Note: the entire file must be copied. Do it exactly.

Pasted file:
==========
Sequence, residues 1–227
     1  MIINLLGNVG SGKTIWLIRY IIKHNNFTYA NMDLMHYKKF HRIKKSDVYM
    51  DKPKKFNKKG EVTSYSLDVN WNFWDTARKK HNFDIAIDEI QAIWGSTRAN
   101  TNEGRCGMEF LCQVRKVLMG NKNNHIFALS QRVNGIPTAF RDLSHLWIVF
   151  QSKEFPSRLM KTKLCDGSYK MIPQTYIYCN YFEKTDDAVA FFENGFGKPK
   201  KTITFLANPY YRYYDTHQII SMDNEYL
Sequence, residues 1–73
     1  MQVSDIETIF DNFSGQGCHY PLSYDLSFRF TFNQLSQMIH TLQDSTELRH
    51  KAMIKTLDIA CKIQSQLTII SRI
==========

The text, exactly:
Sequence, residues 1–227
     1  MIINLLGNVG SGKTIWLIRY IIKHNNFTYA NMDLMHYKKF HRIKKSDVYM
    51  DKPKKFNKKG EVTSYSLDVN WNFWDTARKK HNFDIAIDEI QAIWGSTRAN
   101  TNEGRCGMEF LCQVRKVLMG NKNNHIFALS QRVNGIPTAF RDLSHLWIVF
   151  QSKEFPSRLM KTKLCDGSYK MIPQTYIYCN YFEKTDDAVA FFENGFGKPK
   201  KTITFLANPY YRYYDTHQII SMDNEYL
Sequence, residues 1–73
     1  MQVSDIETIF DNFSGQGCHY PLSYDLSFRF TFNQLSQMIH TLQDSTELRH
    51  KAMIKTLDIA CKIQSQLTII SRI